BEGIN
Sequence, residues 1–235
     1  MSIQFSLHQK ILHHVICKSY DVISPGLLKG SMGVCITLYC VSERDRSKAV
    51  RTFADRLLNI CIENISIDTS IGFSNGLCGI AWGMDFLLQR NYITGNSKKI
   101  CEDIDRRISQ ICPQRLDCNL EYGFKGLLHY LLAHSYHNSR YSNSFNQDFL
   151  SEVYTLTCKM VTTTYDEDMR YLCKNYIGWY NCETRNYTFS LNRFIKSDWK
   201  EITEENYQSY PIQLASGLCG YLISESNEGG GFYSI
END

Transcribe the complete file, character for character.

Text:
Sequence, residues 1–235
     1  MSIQFSLHQK ILHHVICKSY DVISPGLLKG SMGVCITLYC VSERDRSKAV
    51  RTFADRLLNI CIENISIDTS IGFSNGLCGI AWGMDFLLQR NYITGNSKKI
   101  CEDIDRRISQ ICPQRLDCNL EYGFKGLLHY LLAHSYHNSR YSNSFNQDFL
   151  SEVYTLTCKM VTTTYDEDMR YLCKNYIGWY NCETRNYTFS LNRFIKSDWK
   201  EITEENYQSY PIQLASGLCG YLISESNEGG GFYSI